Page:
My last post left us sleeping in Newark Liberty Airport early Tuesday morning. Thankfully we didn’t stay there. Soon after I stopped writing Dad said we should head for our gate. We still had two hours, so I thought it was plenty early, but it was good we went as soon as we did. We hardly made it to our gate, because we had to go through security again. A 6+ hour flight to brought us to San Francisco. I won’t go into detail but our 2 hours there were hectic. Missed luggage, multiple security checks, and the wrong concourse had us behind schedule. We finally got to the overflowing boarding area at the right gate with minutes to spare…a very helpful crew got us on board after everyone else was already seated. Way to the back of the huge jet shuffled our tribe. It wasn’t long before we were settled in for our 12+ hour flight to Seoul, Korea. It’s strange seeing US soil vanishing from sight for the last time for a very long time.
That was the longest, but definitely the most comfortable flight I’ve ever been on. Asiana Airlines puts United to shame. Nice cushy seats, slippers, blankets, and pillows for everyone, free entertainment, multiple snacks…just a little into our flight, the stewardesses handed out hot, damp washcloths to freshen ourselves with, and soon served the first of two full course meals. Steak was on the menu for the first meal, Parmesan Crusted Chicken on the next. We barely made our flight in Seoul either after going through the long security line AGAIN. The flight from Seoul to Siem Reap was almost 7 hours long. Thankfully I was exhausted enough that I could sleep for most of the time. We arrived in Siem Reap Wednesday evening around 11 I think.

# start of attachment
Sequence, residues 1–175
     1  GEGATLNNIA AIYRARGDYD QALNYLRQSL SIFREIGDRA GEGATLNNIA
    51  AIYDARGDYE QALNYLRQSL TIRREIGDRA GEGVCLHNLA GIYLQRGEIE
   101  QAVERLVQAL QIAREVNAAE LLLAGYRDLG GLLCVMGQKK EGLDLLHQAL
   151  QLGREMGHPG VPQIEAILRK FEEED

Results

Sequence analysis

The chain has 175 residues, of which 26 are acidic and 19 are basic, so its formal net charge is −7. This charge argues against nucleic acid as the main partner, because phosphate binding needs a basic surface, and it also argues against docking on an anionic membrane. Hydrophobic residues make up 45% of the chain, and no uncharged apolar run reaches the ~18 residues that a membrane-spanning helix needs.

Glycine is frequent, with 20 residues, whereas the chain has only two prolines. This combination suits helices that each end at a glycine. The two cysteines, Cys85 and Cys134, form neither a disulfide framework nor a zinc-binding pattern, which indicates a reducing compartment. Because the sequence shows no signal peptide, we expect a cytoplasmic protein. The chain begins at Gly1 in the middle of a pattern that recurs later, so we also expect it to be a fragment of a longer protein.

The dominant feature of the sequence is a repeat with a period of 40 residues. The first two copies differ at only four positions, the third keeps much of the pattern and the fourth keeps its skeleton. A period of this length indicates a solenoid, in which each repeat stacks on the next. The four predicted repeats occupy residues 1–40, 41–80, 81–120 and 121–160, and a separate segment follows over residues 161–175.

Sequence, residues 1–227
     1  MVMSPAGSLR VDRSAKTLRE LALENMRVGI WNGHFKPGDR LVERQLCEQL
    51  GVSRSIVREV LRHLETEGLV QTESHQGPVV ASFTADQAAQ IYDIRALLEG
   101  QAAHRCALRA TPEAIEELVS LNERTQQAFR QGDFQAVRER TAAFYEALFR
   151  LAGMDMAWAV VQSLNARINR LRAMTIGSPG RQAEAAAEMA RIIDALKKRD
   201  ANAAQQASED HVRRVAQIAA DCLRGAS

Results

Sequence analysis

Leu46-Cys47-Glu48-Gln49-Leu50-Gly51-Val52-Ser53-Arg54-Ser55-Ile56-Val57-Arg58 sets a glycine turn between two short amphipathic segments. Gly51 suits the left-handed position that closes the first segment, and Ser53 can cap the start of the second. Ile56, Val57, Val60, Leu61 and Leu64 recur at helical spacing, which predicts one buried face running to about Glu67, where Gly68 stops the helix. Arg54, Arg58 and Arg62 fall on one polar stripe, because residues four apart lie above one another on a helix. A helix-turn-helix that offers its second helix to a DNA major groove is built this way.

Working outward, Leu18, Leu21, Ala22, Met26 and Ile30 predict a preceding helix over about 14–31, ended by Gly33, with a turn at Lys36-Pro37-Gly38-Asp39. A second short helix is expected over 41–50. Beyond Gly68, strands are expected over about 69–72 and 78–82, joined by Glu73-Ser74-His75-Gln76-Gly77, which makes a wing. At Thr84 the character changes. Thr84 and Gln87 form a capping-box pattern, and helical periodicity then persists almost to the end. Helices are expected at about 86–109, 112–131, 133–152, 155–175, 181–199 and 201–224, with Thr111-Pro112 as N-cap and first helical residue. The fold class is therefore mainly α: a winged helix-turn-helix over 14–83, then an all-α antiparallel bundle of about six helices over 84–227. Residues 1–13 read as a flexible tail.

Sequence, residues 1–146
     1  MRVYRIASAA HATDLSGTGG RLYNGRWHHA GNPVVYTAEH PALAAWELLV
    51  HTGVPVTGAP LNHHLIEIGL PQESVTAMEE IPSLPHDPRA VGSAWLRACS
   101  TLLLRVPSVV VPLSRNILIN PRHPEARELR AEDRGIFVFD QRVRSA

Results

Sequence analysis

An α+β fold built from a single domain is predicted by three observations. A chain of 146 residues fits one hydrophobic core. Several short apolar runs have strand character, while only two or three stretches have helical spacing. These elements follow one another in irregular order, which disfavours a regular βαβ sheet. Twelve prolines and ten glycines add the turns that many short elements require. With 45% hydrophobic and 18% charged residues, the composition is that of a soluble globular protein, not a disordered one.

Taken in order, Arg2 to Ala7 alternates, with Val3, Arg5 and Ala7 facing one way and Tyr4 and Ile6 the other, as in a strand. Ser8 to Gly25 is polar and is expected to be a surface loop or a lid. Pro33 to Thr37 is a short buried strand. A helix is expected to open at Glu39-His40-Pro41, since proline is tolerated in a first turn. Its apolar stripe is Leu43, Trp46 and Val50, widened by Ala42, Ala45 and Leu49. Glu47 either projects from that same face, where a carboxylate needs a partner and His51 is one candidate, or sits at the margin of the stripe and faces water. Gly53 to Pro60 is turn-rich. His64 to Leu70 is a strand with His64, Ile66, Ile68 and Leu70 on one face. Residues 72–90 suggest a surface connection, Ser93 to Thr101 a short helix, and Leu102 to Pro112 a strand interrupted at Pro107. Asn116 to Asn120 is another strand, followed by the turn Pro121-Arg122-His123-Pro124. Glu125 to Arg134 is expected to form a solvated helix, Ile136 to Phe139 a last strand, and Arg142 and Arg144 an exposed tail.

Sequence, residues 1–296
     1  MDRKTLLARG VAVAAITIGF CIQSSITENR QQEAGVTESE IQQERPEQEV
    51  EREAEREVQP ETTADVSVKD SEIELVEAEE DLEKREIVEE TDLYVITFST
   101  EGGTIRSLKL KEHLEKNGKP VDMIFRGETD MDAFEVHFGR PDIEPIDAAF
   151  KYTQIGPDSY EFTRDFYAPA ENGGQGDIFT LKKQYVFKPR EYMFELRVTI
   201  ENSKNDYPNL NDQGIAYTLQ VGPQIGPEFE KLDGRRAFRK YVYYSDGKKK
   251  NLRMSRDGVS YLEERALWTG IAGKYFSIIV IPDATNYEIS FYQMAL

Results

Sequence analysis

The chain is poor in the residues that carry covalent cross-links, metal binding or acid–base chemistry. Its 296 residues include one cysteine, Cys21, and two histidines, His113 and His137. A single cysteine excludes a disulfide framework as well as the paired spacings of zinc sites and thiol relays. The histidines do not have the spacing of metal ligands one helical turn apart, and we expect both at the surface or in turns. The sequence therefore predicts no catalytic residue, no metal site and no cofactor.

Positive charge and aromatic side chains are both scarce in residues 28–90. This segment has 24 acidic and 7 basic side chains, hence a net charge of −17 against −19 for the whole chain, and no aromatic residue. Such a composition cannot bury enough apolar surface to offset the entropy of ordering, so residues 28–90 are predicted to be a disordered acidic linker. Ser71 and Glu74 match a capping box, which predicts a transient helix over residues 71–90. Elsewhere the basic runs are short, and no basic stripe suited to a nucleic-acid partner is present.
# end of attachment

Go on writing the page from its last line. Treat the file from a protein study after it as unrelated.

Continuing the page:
I can’t describe the feeling I had knowing that our journey was coming to an end, that we were in Cambodia. As the plane taxied down the runway…catching my first glimpse of Cambodia, walking down the steps to put our feet on Cambodian ground for the first time, breathing the warm sticky air and the peculiar smells…wow. I just can’t put my thoughts and feelings into words. And knowing that an even bigger journey was awaiting us…it seemed surreal, and still does in fact. We piled ourselves into the visa line inside the airport. Almost immediately one of the uniformed ladies seated behind the long, high desk spied Alaina. With a delighted grin she came around to her and asked if she could hold her. Alaina was surprisingly okay with her, and the lady went back around and showed off her find to the other ladies. They cuddled, ohhed, and ahhed over her until we were done with our paperwork.
And then it was on to claim our piles of checked in luggage…and then to meet these people we’ve been hearing about and communicating with for so long. Matt and Miriam Schmidt and their four girls, the schoolteacher Jasmine, and Sen, Frank, Chum, and Veasna were all waiting for us at the airport entrance. It was a bit strange at first, but when we piled ourselves into the various modes of transportation and started on the ride for ‘home’, things lightened up a bit.